Thiamine - a thiazole ring joined to a
substituted pyrimidine by a methylene bridge
Thiamine-PP is the active form
TPP is involved in carbohydrate metabolism
It catalyzes decarboxylations of alpha-keto
acids and the formation and cleavage of
alpha-hydroxyketones
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Biochemistry 2/e - Garrett & Grisham
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Thiamine Pyrophosphate
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Reactions and rationale
Yeast pyruvate decarboxylase, acetolactate
synthase, transketolase, phosphoketolase
All these reactions depend on accumulation
of negative charge on the carbonyl carbon at
which cleavage occurs!
Thiamine pyrophosphate facilitates these
reactions by stabilizing this negative charge
The key is the quaternary nitrogen of the
thiazolium group
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Role of the Thiazolium
Nitrogen
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Key points:
It provides electrostatic stabilization of the
carbanion formed by removal of the C-2 proton
It acts as an electron sink via resonance
interactions
The resonance-stabilized intermediate can be
protonated to give hydroxyethyl-TPP, an isolatable
intermediate!
Study Figures 18.17-18.18!!
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Adenine Nucleotide
Coenzymes
All use the adenine nucleotide group
solely for binding to the enzyme!
• Several classes of coenzymes:
– pyridine dinucleotides
– flavin mono- and dinucleotides
– coenzyme A
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Nicotinic Acid and the
Nicotinamide Coenzymes
aka pyridine nucleotides
• These coenzymes are two-electron carriers
• They transfer hydride anion (H-) to and from
substrates
• Two important coenzymes in this class:
– Nicotinamide adenine dinucleotide (NAD+)
– Nicotinamide adenine dinucleotide
phosphate (NADP+)
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Nicotinamide Coenzymes
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Structural and mechanistic features
The quaternary nitrogen of the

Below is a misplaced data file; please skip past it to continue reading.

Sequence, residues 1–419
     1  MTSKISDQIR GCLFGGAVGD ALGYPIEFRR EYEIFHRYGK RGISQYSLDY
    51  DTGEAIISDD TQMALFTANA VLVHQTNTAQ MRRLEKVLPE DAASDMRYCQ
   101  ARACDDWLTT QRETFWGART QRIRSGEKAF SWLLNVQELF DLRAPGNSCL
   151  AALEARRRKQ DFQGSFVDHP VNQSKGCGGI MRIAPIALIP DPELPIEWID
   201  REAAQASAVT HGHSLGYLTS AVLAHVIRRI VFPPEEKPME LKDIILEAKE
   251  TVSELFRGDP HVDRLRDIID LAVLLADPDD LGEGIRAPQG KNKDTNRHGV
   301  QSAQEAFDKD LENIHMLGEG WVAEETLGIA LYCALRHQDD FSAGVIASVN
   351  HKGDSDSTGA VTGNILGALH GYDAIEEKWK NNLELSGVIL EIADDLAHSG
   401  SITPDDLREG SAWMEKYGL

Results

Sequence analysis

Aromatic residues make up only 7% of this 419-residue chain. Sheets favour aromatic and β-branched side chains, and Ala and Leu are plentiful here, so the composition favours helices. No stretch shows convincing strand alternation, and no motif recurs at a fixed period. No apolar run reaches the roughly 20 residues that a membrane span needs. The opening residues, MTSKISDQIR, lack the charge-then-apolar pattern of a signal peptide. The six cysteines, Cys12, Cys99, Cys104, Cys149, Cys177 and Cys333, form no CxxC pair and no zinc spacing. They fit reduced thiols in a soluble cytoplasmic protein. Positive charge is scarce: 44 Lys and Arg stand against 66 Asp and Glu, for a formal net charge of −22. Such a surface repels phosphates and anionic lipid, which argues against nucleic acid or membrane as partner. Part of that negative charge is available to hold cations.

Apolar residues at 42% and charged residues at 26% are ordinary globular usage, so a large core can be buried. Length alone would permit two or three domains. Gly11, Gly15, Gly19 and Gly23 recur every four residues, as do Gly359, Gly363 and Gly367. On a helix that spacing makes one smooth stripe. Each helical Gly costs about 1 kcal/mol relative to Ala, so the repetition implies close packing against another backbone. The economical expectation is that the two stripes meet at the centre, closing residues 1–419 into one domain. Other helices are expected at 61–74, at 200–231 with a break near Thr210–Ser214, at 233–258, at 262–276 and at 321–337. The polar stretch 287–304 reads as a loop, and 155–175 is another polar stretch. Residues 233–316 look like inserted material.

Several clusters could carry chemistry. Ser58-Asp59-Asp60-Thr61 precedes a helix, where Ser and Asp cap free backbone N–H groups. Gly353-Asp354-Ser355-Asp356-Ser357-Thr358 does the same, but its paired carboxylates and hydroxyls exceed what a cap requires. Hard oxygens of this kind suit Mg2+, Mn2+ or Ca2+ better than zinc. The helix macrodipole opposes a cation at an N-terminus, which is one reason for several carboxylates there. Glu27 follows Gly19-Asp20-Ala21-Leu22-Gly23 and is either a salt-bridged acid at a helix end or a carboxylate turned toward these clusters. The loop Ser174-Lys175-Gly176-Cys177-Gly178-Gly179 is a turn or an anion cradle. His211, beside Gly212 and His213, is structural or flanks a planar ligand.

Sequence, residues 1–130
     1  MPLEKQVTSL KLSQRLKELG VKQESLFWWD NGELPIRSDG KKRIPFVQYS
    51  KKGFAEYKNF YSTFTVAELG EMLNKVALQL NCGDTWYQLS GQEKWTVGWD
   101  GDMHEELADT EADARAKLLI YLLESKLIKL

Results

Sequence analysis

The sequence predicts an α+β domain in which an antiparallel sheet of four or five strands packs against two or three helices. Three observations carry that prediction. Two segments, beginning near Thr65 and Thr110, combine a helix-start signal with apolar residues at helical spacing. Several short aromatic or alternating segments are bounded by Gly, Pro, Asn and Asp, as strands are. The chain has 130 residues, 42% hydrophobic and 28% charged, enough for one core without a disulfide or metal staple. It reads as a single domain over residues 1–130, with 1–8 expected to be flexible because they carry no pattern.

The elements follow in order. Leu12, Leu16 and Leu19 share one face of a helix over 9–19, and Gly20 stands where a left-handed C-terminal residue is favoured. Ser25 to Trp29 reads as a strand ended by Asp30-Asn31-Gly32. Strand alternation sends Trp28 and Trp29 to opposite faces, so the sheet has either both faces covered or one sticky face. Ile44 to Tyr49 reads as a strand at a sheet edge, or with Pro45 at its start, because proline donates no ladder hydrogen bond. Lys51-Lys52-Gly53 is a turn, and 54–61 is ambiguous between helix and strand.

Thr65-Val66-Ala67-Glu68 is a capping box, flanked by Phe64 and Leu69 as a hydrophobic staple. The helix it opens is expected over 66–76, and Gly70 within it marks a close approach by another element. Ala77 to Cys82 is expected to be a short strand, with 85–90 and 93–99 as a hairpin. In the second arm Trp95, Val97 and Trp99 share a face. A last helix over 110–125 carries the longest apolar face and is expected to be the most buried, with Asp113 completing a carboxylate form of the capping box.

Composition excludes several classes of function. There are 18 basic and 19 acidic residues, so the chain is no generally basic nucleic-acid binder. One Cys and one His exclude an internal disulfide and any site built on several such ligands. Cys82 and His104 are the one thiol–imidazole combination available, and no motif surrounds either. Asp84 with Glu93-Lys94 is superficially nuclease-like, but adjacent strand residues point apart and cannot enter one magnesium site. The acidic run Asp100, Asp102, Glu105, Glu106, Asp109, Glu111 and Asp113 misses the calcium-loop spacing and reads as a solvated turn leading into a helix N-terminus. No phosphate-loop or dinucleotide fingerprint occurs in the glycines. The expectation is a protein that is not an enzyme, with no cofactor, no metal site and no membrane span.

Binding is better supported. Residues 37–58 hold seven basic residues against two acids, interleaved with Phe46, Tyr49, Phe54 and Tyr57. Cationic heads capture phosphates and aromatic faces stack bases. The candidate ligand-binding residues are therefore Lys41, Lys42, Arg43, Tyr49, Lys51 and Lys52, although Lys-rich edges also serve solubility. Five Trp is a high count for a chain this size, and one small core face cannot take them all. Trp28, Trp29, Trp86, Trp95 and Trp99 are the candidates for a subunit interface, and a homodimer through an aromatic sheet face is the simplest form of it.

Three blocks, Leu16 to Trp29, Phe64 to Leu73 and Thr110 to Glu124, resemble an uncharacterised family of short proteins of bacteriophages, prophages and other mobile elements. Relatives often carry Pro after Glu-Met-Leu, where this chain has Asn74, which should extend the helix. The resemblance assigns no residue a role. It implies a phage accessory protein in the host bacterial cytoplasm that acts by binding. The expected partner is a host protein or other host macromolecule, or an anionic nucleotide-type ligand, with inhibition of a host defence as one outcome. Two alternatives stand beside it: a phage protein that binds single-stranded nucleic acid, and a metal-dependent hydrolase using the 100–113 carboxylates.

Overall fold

nicotinamide ring acts as an electron sink
to facilitate hydride transfer
The site (on the nicotinamide ring) of
hydride transfer is a pro-chiral center!
Hydride transfer is always stereospecific!
Be sure you understand the pro-R, pro-S
designations
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Nicotinamide Coenzymes
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Structural and mechanistic features
The quaternary nitrogen of the
nicotinamide ring acts as an electron sink
to facilitate hydride transfer
The site (on the nicotinamide ring) of
hydride transfer is a pro-chiral center!
Hydride transfer is always stereospecific!
Be sure you understand the pro-R, pro-S
designations
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Biochemistry 2/e - Garrett & Grisham
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Biochemistry 2/e - Garrett & Grisham
Last Notes on Nicotinamides
See box on page 590
• Nicotinamide was first isolated in 1937 by
Elvehjem at the University of Wisconsin
• Note similarities between structures of
nicotinic acid, nicotinamide and nicotine
• To avoid confusion of names (and
functions!), the name niacin (for nicotinic
acid vitamin) was suggested by Cowgill at
Yale.
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Riboflavin and the Flavins
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Vitamin B2
All these substances contain ribitol and a flavin
or isoalloxazine ring
Active forms are flavin mononucleotide (FMN)
and flavin adenine dinucleotide (FAD)
FMN is not a true nucleotide
FAD is not a dinucleotide
But the names are traditional and they persist!
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Flavin Mechanisms
Flavins are one- or two-electron transfer agents
• Name "flavin" comes from Latin flavius for
"yellow"
• The oxidized form is yellow, semiquinones are
blue or red and the reduced form is colorless
• Study the electron and proton transfers in
Figure 18.22
• Other transfers are possible!
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Coenzyme A
Pantothenic acid (vitamin B3) is a component
of Coenzyme A
• Functions:
– Activation of acyl groups for transfer by
nucleophilic attack
– activation of the alpha-hydrogen of the acyl
group for abstraction as a proton
• Both these functions are mediated by the
reactive -SH group on CoA, which forms
thioesters
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Vitamin B6
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Pyridoxine and pyridoxal phosphate
Catalyzes reactions involving amino acids
Transaminations, decarboxylations,
eliminations, racemizations and aldol reactions
See Figure 18.26
This versatile chemistry is due to:
– formation of stable Schiff base adducts
– a conjugated electron sink system that
stabilizes reaction intermediates
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Pyridoxal Phosphate
Mechanisms
• Figure 18.27 is a key figure - relate each
intermediate to subsequent mechanisms
• Appreciate the fundamental difference
between intermediates 2-5 and 6,7
• It would be a good idea to devote some
time to the mechanisms in the end-ofchapter problems.
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Biochemistry 2/e - Garrett & Grisham
Vitamin B12
Cyanocobalamin